A priest who once served in Hendersonville has been named in a lawsuit against the Diocese of Charlotte alleging that the priest sexually abused two boys more than 30 years ago in Albemarle and Charlotte.
Plaintiffs John Doe 1K and John Doe 2K filed the suit against the Roman Catholic Diocese of Charlotte on the grounds that they were sexually abused as children by Father Joseph Kelleher, making claims of fraud, breach of fiduciary duty, infliction of emotional distress, negligent hiring, supervision and retention, and infliction of emotional stress, according to court records.
Kelleher was arrested in July 2010 and charged with one count of felony indecent liberties with a minor. The minor is now one of the plaintiffs, according to his lawyer.
Kelleher served at Immaculate Conception Church in Hendersonville from 1986 to 1991, according to the church's website. Immaculate Conception Church would not comment Thursday, referring all questions to the Diocese of Charlotte.
At least two parishioners who knew Kelleher said they thought highly of him and hoped the allegations weren't true.
The lawsuit was filed in Mecklenburg County Superior Court on Wednesday by the plaintiffs' attorneys, Seth Langson and Leto Copeley of Charlotte.
The lawsuit alleges child sexual abuse and coverup by the Diocese of Charlotte. It claims that Kelleher sexually abused the two boys when one was about 14 years old about 1977 at Our Lady of the Annunciation in Albemarle, and when the other was about 13 years old, about 1980, at Our Lady of Assumption Church in Charlotte, according to a news release issued by the plaintiffs' attorneys.
The suit, seeking damages in excess of $10,000, also alleges that the Diocese of Charlotte has concealed child sex crimes by clergy since the diocese was founded, and that such coverups continue.
Kelleher was arrested by the Albemarle Police Department on July 8, 2010. Kelleher turned himself in to authorities and was accompanied by his attorney, Charles Brown, at the magistrate's office, according to an arrest report. He was placed under a $5,000 secured bond.
Kelleher posted bail and has had several appearances for his charges, which are still pending. He was scheduled to appear in Stanly County Superior Court on Sept. 19, but his case was not heard and a new court date has not yet been set, according to the Stanly County Clerk of Superior Court's Office.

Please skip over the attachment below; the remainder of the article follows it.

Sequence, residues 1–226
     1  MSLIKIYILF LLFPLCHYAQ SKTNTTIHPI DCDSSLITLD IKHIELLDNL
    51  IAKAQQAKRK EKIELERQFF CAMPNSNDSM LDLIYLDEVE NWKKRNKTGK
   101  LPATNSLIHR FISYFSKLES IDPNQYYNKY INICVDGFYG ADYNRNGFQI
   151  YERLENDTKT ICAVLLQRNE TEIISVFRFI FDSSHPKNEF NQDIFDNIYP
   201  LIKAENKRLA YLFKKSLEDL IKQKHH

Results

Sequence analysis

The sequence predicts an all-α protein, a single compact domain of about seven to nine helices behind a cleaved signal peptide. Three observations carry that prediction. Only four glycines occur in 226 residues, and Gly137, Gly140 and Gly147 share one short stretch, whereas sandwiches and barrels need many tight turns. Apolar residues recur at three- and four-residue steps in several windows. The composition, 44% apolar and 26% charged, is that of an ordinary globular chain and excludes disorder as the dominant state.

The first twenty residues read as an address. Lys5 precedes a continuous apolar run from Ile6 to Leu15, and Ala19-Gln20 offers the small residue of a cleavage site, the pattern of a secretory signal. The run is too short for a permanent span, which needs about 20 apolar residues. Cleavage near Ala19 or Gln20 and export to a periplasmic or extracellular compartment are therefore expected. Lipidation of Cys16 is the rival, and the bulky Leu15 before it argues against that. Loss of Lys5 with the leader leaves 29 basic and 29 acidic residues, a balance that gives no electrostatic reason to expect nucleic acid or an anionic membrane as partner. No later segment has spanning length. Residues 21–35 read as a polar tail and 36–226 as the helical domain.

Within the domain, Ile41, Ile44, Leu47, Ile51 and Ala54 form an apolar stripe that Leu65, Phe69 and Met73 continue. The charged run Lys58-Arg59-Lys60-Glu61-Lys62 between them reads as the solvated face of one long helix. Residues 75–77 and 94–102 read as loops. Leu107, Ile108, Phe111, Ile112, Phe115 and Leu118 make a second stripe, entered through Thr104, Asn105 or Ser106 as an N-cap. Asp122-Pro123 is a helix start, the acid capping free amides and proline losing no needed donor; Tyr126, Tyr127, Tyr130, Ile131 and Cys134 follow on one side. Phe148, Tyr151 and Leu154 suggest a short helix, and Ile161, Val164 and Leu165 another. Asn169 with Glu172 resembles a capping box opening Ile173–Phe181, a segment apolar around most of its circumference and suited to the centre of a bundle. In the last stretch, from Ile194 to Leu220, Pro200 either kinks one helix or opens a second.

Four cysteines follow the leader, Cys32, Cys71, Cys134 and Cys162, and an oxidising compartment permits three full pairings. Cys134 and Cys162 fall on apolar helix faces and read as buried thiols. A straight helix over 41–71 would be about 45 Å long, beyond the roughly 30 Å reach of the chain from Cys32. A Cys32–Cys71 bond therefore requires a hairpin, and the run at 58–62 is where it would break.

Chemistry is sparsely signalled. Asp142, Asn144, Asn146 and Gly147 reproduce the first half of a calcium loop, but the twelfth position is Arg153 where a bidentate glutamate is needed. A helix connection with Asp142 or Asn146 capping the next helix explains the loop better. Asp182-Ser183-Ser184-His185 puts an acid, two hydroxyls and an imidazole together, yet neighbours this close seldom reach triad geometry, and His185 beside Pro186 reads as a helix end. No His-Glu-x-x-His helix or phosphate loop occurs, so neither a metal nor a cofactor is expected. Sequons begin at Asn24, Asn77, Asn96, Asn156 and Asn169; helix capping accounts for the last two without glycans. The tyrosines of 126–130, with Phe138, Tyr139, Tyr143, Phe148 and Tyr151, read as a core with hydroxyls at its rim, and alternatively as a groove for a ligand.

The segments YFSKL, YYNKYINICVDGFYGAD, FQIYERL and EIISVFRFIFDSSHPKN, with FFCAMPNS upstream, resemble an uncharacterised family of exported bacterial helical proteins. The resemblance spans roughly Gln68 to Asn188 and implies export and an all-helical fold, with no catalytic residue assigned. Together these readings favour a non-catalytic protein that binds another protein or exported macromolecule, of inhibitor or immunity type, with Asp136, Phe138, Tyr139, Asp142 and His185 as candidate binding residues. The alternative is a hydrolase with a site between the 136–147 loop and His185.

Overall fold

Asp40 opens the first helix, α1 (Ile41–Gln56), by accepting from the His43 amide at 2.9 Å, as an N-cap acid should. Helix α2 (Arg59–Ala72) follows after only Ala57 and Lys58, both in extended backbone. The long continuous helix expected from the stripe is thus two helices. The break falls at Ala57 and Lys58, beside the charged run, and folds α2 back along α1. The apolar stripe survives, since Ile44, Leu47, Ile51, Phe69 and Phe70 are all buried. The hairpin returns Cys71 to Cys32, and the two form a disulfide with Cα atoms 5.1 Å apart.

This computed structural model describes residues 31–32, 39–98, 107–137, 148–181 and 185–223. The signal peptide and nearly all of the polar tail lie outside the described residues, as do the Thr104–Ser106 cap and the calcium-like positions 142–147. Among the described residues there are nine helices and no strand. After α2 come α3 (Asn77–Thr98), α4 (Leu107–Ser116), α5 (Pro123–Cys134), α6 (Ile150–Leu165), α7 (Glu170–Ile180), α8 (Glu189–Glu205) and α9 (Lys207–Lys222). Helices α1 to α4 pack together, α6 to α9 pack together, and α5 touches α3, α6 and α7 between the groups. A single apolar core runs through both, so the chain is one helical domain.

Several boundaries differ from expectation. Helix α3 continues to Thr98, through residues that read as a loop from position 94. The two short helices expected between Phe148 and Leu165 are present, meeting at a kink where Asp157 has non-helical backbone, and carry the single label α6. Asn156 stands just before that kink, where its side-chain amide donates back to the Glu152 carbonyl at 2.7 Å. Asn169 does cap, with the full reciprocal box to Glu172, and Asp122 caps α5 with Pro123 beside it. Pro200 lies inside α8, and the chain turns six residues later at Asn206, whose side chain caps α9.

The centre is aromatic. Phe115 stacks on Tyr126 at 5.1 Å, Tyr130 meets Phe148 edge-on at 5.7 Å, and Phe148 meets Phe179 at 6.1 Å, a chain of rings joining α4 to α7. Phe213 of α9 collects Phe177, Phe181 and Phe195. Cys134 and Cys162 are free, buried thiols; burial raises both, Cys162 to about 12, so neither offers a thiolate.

Langson said Kelleher's arrest involved plaintiff John Doe 1K.
The lawsuit says the Diocese of Charlotte knew or should have known since at least the 1970s that Kelleher was abusing minors.
Kelleher now lives in Winston-Salem. When reached by phone, he would not comment about the lawsuit, referring all questions to his attorney, who could not be reached Thursday.
David Hains, director of communications for the Diocese of Charlotte, said Thursday that he had not seen the lawsuit and, therefore, did not have any comment. Langson said that after completing their investigation into the allegations, they felt it was the appropriate time for his office and Copeley's office to file the suit.
As for the $10,000 in damages, Langson said that amount is what the law allows attorneys to ask for in a lawsuit. He would not say how much the plaintiffs are actually seeking.
Langson said he issued the news release because it has been his experience when working sexual abuse cases that victims don't often come forward until they know other victims already have come forward. 'A very fine priest'
Hendersonville resident Tom Hadley, 75, recalls Kelleher as an upstanding priest during his time spent in the mid-1980s at Immaculate Conception Church.
Hadley and his wife attend the church and said Kelleher showed that he was "a very fine priest" through Mass, his community work and his relationship with his teenage son and daughter. Kelleher also spoke at the wedding of Hadley's son in 1991.
In light of the allegations against Kelleher, Hadley said nothing unusual occurred between the priest and his children to his knowledge.
"I certainly hope (the allegations) are not so," Hadley said. "I don't think they are true, but that is only speculation. But I can't say it didn't happen."
Church members are aware of the accusations, Hadley said.
"People are dismayed. Everyone's opinions about Father Kelleher are favorable, and a great majority think the allegations are not true," he added.